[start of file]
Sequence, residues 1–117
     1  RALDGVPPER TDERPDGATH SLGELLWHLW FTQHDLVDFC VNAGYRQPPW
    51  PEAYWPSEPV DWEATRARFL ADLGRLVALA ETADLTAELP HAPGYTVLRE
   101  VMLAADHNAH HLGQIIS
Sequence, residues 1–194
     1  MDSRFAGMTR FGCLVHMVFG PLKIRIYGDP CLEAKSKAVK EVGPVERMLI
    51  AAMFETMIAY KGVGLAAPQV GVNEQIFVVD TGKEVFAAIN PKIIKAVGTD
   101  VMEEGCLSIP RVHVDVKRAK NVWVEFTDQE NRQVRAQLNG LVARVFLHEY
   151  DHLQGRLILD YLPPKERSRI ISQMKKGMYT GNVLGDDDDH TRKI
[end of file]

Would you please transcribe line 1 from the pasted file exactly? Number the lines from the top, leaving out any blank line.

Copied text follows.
Sequence, residues 1–117